Written by Press & Journalist, Ellie House
It’s not difficult to work out what Amy Mullen does for a living: her dramatic flair and passion for life are as obvious as they are infectious.
The performing arts teacher from Inverness talks with her hands and pulls five facial expressions in as many seconds. Leaping from subject to subject, she sometimes breaks into snippets of song before tipping her head back in laughter.
Whilst the mum of one may seem theatrically erratic, there is one thing on which she’s steadfast – her new social enterprise aimed at getting children across the Highlands fit.
Amy is currently principal teacher of Stagecoach Theatre Arts Inverness and spends her time encouraging youngsters to be confident on the stage. After spending time in London as a professional dancer, she decided to follow her passion for helping young people, which led her to Stagecoach. Now has a new goal in her sights.
Having worked with children for almost a decade, Amy noticed a worrying trend for children struggling with confidence issues due to their body weight. “Childhood obesity is in the news all the time and you can’t help but pay attention to the scary statistics,” she said. “I love working with children. Unfortunately, my work regularly shows me the impact that low self-esteem can have on a child.”
She continued, “I didn’t want to jump on the bandwagon and lecture parents on obesity, though. As a mum myself, I would find that really off-putting.”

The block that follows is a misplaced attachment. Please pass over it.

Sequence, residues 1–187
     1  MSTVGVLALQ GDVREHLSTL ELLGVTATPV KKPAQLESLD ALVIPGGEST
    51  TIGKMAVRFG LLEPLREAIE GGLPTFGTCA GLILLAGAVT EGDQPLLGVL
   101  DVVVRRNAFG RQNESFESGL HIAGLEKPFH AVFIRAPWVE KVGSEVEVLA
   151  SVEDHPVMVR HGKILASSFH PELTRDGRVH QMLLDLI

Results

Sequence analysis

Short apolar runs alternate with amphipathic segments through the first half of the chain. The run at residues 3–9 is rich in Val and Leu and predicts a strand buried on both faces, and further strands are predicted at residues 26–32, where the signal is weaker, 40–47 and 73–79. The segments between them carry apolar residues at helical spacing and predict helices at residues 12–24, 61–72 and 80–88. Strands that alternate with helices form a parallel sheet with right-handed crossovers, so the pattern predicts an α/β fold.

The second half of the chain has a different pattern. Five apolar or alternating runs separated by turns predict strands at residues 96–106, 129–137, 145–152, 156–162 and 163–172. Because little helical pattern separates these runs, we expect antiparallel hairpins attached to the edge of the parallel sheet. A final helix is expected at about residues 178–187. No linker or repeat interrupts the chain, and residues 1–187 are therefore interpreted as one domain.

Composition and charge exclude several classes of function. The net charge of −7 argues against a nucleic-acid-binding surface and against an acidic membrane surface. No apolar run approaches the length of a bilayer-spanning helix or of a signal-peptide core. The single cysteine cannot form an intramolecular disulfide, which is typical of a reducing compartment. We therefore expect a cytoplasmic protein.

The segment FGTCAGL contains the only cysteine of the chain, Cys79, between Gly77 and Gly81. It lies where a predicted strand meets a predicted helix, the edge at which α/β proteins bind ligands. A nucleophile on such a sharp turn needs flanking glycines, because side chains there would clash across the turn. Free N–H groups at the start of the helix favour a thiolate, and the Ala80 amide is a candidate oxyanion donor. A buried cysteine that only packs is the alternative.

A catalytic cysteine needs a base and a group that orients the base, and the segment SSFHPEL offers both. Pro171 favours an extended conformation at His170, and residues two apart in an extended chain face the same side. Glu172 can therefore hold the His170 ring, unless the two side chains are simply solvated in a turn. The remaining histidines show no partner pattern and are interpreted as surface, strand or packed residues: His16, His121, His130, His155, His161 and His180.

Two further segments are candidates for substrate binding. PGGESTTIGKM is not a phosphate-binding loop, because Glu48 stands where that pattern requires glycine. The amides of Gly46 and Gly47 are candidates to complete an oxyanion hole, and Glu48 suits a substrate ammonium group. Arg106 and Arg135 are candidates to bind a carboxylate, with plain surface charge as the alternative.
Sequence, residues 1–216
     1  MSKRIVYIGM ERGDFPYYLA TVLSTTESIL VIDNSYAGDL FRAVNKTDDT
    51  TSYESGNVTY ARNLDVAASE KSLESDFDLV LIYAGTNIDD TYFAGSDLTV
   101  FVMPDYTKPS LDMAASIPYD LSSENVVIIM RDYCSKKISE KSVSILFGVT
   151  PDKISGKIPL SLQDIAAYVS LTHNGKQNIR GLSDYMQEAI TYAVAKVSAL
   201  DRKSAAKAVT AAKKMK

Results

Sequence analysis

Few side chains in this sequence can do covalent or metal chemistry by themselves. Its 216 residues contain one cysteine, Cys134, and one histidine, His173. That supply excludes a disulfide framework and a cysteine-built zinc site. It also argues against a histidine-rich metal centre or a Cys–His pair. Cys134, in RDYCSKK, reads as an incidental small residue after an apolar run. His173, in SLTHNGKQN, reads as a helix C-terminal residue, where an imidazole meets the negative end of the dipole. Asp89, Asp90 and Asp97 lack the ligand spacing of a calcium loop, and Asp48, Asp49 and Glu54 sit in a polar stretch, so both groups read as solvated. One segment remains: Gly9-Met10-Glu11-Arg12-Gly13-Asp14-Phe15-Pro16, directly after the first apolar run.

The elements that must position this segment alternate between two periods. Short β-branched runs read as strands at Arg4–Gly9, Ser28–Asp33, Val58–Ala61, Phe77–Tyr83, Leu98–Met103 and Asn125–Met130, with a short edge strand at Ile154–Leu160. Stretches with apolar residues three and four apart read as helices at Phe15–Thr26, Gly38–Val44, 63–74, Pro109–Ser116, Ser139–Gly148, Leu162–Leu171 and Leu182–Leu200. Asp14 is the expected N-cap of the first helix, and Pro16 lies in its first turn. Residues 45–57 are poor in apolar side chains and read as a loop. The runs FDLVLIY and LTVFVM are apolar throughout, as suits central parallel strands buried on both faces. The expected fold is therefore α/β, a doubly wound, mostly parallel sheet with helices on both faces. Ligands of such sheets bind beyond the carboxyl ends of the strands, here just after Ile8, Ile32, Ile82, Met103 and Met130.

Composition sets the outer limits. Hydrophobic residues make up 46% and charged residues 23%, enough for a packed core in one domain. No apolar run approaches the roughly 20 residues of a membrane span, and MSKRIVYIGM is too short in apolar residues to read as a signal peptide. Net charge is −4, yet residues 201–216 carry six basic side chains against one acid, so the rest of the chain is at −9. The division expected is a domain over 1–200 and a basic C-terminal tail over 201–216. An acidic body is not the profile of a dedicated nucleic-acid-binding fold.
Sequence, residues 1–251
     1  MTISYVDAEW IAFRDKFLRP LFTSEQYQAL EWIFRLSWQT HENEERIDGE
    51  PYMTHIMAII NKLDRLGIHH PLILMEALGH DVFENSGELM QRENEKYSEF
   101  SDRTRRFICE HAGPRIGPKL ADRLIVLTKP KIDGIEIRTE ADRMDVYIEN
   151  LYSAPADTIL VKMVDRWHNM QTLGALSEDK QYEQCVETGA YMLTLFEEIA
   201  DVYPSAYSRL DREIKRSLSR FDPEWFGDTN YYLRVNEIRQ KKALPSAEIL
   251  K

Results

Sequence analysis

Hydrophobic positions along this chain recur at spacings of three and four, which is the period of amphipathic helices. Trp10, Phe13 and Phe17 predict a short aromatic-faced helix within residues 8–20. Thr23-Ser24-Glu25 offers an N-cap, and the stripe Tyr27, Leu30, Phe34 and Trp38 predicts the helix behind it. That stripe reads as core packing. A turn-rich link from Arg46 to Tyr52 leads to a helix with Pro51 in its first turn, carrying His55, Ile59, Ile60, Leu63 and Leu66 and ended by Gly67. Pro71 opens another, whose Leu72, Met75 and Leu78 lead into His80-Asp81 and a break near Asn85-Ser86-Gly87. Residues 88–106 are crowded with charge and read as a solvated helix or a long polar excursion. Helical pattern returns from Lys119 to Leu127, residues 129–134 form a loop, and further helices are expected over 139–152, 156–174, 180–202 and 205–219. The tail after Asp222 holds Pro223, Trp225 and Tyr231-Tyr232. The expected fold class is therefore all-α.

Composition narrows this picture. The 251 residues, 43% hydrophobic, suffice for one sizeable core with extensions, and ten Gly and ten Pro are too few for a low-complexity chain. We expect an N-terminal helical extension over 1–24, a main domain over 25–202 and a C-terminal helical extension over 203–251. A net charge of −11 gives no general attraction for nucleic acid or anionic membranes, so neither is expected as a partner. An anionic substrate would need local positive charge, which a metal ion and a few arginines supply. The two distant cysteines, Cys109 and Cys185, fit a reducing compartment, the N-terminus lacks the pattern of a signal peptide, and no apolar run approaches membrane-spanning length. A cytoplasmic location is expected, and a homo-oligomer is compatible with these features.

Instead, Amy decided to attack the issue head on. She said, “I wanted to create something that would educate children about nutrition, thus improving their confidence.”
The result is FITkidz Academy, which will launch in January. Parents will be able to enroll their children in a variety of workshops designed to teach children in a creative and fun way about what is good for their bodies and minds. They will learn skills such as choosing healthy foods, cooking as a family, and more. Sessions are designed to be given in 7-week blocks, but private bookings tailored to individual needs are available upon request.
Amy is confident that the academy will prove both fun and educational as her methods are already tried and tested with her nine-year-old son, Rio.
“Rio is far from perfect but one thing I’m really proud of is how self-assured he has become,” said Amy.
“He knows how to cook healthy dishes, which I’ve been trialing for the Academy, and it gives him a real sense of purpose.”
Rio will also be helping launch the Academy in more visible ways. Amy confided, “FITkidz is a new concept, and we realise people might need help understanding what it means in practice. So Rio and I are going to film some videos together to show parents what FITkidz is all about.”
A large part of Amy’s motivation for FITkidz comes from the belief that once children can make educated choices, they become happier in themselves. “Cooking is now only an option in schools, but I think it should be compulsory. Youngsters are leaving school with no idea of how to put a healthy meal together.”
Whilst parents will have to pay a fee to enroll their child in the classes, a portion of the profits will go to subsidizing spots for less privileged youngsters. “I’m all too aware that, while the lessons are critical for all children, not every parent can afford to send their child to FITkidz every weekend! That’s why we have built in our charity arm, to raise funds,” Amy said. “I don’t think any child should miss out, so we’re currently getting a curriculum together to provide free workshops in schools. I’m hoping we can reach as many children as possible regardless of background.”
For more details on FITkidz Academy, contact Amy Mullen via email here